The book of Hebrews speaks to our contemporary context concerning philosophies that have made great inroads to the church itself. A fundamental aspect of modernity, and an aspect that still holds profound influence even as our culture is shifting to a postmodern orientation, is naturalism. Naturalism holds that nature constitutes the totality of reality. There is no “supernature” that stands outside the cause-and-effect natural process of the universe. Therefore, all your thoughts, all your feelings, every event you ever experienced (including what you would classify as “religious experiences”), can all be attributed to nature.
Thus, religion becomes a process “from the bottom up,” consisting of human reflections on a concept called “god.” That is, religion originates in the minds of people. There is no such thing as revelation, since there is no god standing above or outside of nature to act upon it. For some modern theologians and biblical critics, this philosophy is a basic assumption.
However, the Book of Hebrews boldly proclaims a perspective diametrically opposed to naturalism. God stands above the natural processes of this world (since He created them) and speaks to humanity. For Hebrews religion works “from top down”; that is, God reveals His truth and His will. His revelation is coherent, consistent and authoritative, and we are obliged both to listen to it and obey it.
This brings us to the problem of relativism for the modern church. This “ism” is much more inherent to postmodernism, the philosophical climate that dominates Western culture as we move into the twenty-first century. Modernism, committed to the absence of anything supernatural, proposed that individual minds, guided by scientific investigation, were the means to arrive at truth and thus to obtain instruction for life. Postmodernism, on the other hand, suggests that “truth” and “reality” are merely perceptions dictated by one’s particular worldview. Since truth is merely a social construct everyone’s “truth” (scientific or otherwise) becomes equally valid. Thus, acceptance (i.e. reckoning all views as equally valid) becomes the most important social norm.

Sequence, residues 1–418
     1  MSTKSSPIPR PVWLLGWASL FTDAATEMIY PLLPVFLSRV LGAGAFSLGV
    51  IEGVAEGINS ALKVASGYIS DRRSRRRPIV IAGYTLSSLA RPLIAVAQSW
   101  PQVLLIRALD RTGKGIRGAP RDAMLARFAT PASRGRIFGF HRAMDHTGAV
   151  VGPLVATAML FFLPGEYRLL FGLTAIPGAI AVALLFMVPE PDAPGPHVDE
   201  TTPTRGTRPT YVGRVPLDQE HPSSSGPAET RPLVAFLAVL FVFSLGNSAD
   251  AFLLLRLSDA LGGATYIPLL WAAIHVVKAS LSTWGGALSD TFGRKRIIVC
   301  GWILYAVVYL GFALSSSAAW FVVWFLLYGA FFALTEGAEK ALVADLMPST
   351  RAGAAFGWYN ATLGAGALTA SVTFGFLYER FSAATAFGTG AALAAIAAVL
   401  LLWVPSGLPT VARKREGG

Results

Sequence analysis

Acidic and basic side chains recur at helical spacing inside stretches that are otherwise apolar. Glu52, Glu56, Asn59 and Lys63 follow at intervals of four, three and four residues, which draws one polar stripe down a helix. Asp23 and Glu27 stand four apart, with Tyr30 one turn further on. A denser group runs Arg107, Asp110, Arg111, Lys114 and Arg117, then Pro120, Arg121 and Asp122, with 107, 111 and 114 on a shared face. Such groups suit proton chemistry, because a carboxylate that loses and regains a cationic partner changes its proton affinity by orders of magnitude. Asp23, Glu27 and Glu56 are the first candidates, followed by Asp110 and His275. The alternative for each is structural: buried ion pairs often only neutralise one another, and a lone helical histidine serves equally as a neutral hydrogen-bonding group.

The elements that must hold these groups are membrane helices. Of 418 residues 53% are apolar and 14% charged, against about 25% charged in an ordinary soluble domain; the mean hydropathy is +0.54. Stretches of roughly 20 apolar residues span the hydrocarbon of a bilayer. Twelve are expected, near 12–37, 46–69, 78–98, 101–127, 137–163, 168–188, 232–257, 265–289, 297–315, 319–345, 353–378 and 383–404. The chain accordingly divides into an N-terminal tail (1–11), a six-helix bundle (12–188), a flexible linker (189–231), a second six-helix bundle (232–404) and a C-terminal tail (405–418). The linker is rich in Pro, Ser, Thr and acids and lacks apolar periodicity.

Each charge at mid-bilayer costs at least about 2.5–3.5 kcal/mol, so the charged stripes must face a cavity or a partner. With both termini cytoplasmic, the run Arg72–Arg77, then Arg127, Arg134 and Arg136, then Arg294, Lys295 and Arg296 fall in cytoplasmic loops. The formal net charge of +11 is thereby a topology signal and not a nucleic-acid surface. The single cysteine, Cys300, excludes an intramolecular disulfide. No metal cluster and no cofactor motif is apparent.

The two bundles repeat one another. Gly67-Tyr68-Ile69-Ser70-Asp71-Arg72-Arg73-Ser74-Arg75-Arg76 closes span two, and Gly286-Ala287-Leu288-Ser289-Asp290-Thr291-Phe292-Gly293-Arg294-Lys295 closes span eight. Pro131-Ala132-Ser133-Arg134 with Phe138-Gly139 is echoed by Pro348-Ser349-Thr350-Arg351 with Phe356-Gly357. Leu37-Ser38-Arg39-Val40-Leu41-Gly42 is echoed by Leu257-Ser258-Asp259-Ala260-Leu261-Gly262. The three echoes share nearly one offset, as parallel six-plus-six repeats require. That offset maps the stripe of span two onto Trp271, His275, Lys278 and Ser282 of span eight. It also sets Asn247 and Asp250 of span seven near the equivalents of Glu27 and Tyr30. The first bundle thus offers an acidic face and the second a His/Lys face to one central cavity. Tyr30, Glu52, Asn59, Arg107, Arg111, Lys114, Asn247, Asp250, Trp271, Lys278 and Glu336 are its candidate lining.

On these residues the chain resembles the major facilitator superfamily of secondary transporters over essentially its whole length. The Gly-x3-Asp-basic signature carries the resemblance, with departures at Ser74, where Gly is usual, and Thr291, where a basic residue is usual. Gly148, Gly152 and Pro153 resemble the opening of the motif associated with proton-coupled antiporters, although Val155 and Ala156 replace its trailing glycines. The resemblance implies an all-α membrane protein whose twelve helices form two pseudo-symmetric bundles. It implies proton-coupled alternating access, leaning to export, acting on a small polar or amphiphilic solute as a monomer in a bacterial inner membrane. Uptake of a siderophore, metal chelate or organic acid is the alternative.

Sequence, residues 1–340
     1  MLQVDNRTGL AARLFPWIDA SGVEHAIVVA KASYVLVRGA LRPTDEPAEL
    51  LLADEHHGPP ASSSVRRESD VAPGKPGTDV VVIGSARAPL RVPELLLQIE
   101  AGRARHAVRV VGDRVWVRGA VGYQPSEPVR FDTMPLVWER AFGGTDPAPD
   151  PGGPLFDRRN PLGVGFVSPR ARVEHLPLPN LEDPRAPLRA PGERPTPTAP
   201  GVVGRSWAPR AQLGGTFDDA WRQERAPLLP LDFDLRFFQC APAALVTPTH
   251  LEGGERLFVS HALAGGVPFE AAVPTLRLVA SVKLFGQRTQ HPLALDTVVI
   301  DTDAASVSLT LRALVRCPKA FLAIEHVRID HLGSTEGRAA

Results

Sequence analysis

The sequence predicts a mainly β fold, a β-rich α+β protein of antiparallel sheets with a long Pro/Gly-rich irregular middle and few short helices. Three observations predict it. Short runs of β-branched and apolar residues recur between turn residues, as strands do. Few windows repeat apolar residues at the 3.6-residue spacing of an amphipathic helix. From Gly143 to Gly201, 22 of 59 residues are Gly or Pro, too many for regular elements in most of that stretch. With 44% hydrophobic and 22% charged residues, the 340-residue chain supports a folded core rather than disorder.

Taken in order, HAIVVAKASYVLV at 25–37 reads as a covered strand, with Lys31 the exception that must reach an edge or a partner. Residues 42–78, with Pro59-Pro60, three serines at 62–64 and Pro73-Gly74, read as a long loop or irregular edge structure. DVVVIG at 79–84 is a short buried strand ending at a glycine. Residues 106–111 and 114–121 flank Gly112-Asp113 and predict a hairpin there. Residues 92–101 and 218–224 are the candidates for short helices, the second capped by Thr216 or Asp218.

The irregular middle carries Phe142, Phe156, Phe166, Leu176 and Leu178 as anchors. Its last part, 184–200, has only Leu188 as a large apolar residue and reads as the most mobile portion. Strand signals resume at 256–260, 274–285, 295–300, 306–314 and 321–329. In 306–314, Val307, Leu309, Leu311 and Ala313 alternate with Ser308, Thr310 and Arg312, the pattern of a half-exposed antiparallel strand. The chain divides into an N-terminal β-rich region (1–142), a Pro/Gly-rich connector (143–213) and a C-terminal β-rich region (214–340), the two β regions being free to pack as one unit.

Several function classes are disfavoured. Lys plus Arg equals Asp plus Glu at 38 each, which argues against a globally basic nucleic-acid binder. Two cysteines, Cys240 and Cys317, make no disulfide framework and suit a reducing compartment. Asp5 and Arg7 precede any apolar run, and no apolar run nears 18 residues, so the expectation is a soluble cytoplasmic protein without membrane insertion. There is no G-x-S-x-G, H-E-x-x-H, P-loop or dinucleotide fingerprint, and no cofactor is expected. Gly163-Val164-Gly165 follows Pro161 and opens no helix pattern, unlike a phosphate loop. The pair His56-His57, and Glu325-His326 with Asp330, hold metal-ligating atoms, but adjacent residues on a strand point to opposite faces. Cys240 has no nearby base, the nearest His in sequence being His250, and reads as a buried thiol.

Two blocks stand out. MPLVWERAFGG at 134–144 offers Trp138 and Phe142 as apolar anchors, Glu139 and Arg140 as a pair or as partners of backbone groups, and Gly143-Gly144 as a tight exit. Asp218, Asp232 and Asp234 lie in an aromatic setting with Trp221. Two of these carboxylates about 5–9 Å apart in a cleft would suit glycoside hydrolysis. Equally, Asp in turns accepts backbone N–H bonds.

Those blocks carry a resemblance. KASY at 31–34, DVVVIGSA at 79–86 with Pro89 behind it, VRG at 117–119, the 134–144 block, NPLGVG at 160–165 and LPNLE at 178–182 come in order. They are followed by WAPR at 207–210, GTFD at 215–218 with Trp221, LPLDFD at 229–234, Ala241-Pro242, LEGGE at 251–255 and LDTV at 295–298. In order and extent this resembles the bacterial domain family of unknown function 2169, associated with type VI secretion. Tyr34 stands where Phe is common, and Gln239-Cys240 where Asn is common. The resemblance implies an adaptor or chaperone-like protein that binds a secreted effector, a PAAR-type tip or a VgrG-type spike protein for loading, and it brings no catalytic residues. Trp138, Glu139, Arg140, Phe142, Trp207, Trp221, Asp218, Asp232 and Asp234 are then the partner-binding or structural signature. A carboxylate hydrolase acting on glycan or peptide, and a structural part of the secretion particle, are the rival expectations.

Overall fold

Some currents in postmodernism, especially as expressed at the popular level, are more open to the supernatural than is thoroughgoing modernism. However, the “god” to which some postmodernists are open is a god both ill-defined and tolerant of all expressions of religion. He/she is the mother/father-god of the universe, who welcomes all his/her world children regardless of their belief systems. Since relativism offers no specific god, however, it also offers no specific help personally or socially.
Postmodernism leads, therefore, to devastating moral confusion. As the culture around us, and many within the church, bow to the relativism of postmodernity and as the culture plummets to deeper and deeper levels of social bewilderment and crisis, those who take seriously the biblical witness to the Son as the ultimate Word of God must stand with the Hebrews in stating categorically, “God has spoken.” This proposition not only lays the foundation for Christian preaching but also offers hope for all modern people, providing them with a stable point of reference for life.